The artist wears the trousers

Campbell Patterson’s video and sculpture exhibition ‘‘call sick’’ explores the experience of...
Campbell Patterson’s video and sculpture exhibition ‘‘call sick’’ explores the experience of escapism. Photos: Linda Robertson.
Campbell Patterson’s first Frances Hodgkins Fellowship exhibition is an abstracted reflection on the urge to escape a bleak decade, he tells Bruce Munro.

Things are not quite right when your work phone number is in your contacts list under "call sick".

Not quite right but, in Campbell Patterson’s case, also the inspiration for his new exhibition at the Dunedin Public Art Gallery (DPAG).

Born in England, raised in Australia and then Auckland, Patterson (33) is in Dunedin as the 2017 Frances Hodgkins Fellow at the University of Otago.

The shift south was serendipitous, he says.

Last year, he celebrated a decade since graduating from Elam School of Fine Art in Auckland. The anniversary provided a natural opportunity to review and refocus.

"I had spent nine of those years working at the public library in Auckland.

"It can be hard to fit in making money and also trying to make time for your art.

"I decided I didn’t want to do that anymore.

"So this fellowship came along at the right time."

Not that it was an easy adjustment.

The first month was "awful".

The shift from trying to cram his art in around paid work to being paid to create art "took time to get my head around".

"I wasn’t expecting it ... There was suddenly all this time and space.’’With that freedom came a looming sense of responsibility.

"Possibly that pressure came from the Frances Hodgkins Fellow’s 50-year retrospective [held this year].

"It was like, ‘Ahh, who am I?’ There were some deep questions going on."

Four and a-half months in, Patterson feels he has now found his rhythm.‘‘It’s about building structure, really."

That structure seems to have a fair few night-hours built into it. Patterson admits to being an insomniac who has learned to operate on little sleep. Although since starting the fellowship he has been sleeping better; just, not until after 5am.

Being awake at night has its advantages, he says.

"My mind is quieter at night, I guess.

"It is a good time to get work done.

"At night, there’s just music, and me, and the work."

Patterson is reluctant to be pigeonholed as a video artist.

"I think I’m known for video art. I find that quite frustrating.

"I have made a lot of video art, but it is not my main focus. There is no main focus. I paint, I’ve been printing, I’ve been making little books, I’ve been writing ..."

It is not about the medium, but about which medium is the best way to treat the subject, he says.

"I think I’m good at video. But as far as my investigation into my practice goes, I sometimes find when I get called a video artist it actually makes me want to not make video.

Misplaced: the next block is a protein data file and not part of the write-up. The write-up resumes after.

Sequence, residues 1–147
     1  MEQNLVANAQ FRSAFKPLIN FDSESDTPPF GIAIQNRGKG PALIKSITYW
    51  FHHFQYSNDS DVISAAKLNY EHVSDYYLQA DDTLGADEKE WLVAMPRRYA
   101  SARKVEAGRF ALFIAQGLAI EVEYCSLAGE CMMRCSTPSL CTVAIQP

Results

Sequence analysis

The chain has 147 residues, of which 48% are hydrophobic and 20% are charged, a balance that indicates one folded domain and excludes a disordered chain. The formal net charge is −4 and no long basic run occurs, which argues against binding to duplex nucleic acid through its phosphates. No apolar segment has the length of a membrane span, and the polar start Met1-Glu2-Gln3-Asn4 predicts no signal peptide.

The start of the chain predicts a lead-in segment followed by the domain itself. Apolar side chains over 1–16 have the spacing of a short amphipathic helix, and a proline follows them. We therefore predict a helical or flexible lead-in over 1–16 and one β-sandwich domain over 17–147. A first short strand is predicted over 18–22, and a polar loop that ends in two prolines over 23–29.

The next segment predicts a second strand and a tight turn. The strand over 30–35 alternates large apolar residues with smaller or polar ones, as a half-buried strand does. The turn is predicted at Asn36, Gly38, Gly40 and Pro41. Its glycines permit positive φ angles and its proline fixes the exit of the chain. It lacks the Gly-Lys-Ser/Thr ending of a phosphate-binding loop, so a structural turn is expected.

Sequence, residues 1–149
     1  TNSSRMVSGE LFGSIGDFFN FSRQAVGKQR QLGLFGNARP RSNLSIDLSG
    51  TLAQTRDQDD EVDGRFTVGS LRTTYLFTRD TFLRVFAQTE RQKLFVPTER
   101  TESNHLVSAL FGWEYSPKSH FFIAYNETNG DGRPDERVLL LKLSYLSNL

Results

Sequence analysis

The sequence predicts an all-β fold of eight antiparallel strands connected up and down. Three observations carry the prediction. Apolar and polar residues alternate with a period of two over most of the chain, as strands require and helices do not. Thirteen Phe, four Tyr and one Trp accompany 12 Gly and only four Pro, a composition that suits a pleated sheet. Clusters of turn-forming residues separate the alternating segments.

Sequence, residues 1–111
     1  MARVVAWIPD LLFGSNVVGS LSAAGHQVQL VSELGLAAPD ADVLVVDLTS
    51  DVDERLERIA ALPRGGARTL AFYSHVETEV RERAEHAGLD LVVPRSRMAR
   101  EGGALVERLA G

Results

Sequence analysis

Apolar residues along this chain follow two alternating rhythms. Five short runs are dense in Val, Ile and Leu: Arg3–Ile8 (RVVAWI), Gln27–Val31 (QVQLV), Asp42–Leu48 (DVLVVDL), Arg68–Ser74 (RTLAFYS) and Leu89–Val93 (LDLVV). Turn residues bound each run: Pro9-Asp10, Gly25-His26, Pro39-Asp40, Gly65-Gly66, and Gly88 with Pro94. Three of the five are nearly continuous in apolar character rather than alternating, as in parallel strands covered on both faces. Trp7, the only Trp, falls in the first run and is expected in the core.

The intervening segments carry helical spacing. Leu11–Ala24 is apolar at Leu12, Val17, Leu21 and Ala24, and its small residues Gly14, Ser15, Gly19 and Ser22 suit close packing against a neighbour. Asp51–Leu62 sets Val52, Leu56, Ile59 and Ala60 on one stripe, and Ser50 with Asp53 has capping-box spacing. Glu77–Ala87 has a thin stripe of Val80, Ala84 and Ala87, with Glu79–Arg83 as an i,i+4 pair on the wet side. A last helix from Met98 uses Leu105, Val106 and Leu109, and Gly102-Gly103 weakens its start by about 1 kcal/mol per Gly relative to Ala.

"Sometimes video is perfect, but sometimes it’s not. I definitely like to try different mediums out and see how they work."

This exhibition, "call sick", is both video and sculpture, but it is all pants. Big pants.The inspiration was the contacts list moniker for his workplace phone number.‘‘I guess that’s kind of self-explanatory,’’ he says of the emotions and state of mind that spawned "call sick".

Patterson commissioned a tailor to create four pairs of tracksuit pants scaled up to double their normal size. He has been sleeping in the pants since shifting to Dunedin. The pants have also been worn for video performances of Patterson entering and exiting buildings.

The DPAG exhibition is  two adjacent spaces; a room screening loops of the video performances and a nearby wall where the pants (subtly visually and olfactorily altered by wearing) are displayed as sculptural works.

"My work can be pretty personal, or autodiaristic ... But I use my life more as a starting point.

"Then I blur things, so that it is more universal, rather than just about me."

Escapism is one of the themes explored in the exhibition.

"I do a loop through a house; in through an entrance and then out a window.

"I’m wearing nothing but the pants, which complicates things.

"It’s an escape ... but the purpose is abstracted by the repetition."

During the creation of the work, Patterson was ruminating on Robert Bresson’s 1956 French film A Man Escaped. Bresson was known for his thematically bleak films and tightly controlled acting, which often amounted to non-acting.

"In the video ... my free will, my movements, are all dictated by the process I have set up ... the window creates the parameters of the action."

Another theme in "call sick" is "a tired sort of weariness".

"These pants I’ve been sleeping in; they get modified ... There’s a slight sadness, a weariness to them.

"They’re monumental but they are also saggy. A little bit bleak, I guess."


The exhibition

Campbell Patterson’s exhibition "call sick" opens at Dunedin Public Art Gallery today.

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